Maybe it’s just a measure of how far the course has run on the NSA’s surveillance programs that news outlets have lost track of what’s been published.  The revelations from the Edward Snowden cache seems to have slowed considerably, despite the access that media outlets like the Washington Post have had to it.  The Post runs with the scoop today that PRISM wasn’t the only surveillance program used by the NSA, and that several upstream collection programs are also in use:

Recent debate over U.S. government surveillance has focused on the information that American technology companies secretly provide to the National Security Agency. But that is only one of the ways the NSA eavesdrops on international communications.

A classified NSA slide obtained by The Washington Post and published here for the first time lists “Two Types of Collection.”

“Published here” is the operative phrase.  Despite the Post’s headline, “The NSA slide you haven’t seen,” this slide was published a month ago in the Guardian.  The only change from that publication to this one is that the two redactions of program names have been removed:

As one can see, this even includes the “You Should Use Both” exhortation that is the focus of the Post’s reporting:

The interaction between Upstream and PRISM – which could be considered “downstream” collection because the data is already processed by tech companies — is not entirely clear from the slide. In addition, its description of PRISM as “collection directly from the servers” of technology giants such as Google, Microsoft and Facebook has been disputed by many of the companies involved. (They say access to user data is legal and limited).

However PRISM works, the NSA slide makes clear that the two collection methods operate in parallel, instructing analysts that “You Should Use Both.” Arrows point to both “Upstream” and “PRISM.”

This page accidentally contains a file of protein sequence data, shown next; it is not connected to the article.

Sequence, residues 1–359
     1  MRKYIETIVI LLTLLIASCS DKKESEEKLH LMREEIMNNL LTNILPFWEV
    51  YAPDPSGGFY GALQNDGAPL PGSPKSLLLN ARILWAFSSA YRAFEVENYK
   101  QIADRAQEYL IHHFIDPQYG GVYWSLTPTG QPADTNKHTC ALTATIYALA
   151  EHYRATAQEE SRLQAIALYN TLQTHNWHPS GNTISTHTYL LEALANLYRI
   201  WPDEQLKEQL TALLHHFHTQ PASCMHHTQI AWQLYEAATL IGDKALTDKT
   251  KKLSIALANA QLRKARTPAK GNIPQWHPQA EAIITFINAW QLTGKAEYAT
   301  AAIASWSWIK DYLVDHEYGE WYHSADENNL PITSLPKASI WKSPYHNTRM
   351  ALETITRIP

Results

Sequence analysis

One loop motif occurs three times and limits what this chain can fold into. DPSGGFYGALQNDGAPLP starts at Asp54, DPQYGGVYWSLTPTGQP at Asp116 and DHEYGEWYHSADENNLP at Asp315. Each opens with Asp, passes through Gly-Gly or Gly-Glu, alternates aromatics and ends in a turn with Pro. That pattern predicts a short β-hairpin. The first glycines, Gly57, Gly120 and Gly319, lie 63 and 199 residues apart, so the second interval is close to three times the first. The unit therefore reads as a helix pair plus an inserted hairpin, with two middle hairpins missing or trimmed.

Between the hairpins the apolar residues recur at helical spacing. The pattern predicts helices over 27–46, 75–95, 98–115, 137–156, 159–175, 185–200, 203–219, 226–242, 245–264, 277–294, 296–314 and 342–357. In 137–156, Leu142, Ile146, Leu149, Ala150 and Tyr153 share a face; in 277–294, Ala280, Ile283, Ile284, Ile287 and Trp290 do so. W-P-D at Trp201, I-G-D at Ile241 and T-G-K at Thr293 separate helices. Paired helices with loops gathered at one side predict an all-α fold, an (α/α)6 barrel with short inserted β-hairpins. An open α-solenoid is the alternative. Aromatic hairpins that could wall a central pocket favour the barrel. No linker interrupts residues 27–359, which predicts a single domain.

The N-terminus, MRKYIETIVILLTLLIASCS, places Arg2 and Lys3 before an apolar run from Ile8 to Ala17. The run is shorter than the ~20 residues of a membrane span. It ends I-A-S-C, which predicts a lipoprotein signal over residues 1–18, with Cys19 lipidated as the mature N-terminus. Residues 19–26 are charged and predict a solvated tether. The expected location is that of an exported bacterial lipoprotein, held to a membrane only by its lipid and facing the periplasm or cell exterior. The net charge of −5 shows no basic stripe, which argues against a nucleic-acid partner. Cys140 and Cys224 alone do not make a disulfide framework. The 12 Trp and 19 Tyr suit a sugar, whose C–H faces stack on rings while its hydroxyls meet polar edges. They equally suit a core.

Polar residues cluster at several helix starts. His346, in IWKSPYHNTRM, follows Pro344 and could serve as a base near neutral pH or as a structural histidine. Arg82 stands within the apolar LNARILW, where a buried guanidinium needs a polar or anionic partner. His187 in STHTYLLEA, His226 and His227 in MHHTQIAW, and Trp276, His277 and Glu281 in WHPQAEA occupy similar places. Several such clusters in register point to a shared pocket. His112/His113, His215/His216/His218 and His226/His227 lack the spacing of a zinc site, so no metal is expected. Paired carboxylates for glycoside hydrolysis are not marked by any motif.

The overall heading of the slide is “FAA 702 Operations” – a reference to a 2008 law that enabled collection on U.S. soil of communications of foreigners thought to be overseas without an individual warrant from a court, including when the foreigners are communicating with someone in the United States. The law says the collection may be for a foreign intelligence purpose, which includes terrorism, nuclear weapons proliferation or cyber-security.

The slide also shows a crude map of the undersea cable network that carries data from either side of North America and onto the rest of the world. As a story in Sunday’s Postmade clear, these undersea cables are essential to worldwide data flows – and to the surveillance capabilities of the U.S. government and its allies.

Here’s what the Guardian reported a month ago:

In the interests of aiding the debate over how Prism works, the Guardian is publishing an additional slide from the 41-slide presentation which details Prism and its operation. We have redacted some program names.

The slide, below, details different methods of data collection under the FISA Amendment Act of 2008 (which was renewed in December 2012). It clearly distinguishes Prism, which involves data collection from servers, as distinct from four different programs involving data collection from “fiber cables and infrastructure as data flows past”.

Essentially, the slide suggests that the NSA also collects some information under FAA702 from cable intercepts, but that process is distinct from Prism.

Analysts are encouraged to use both techniques of data gathering.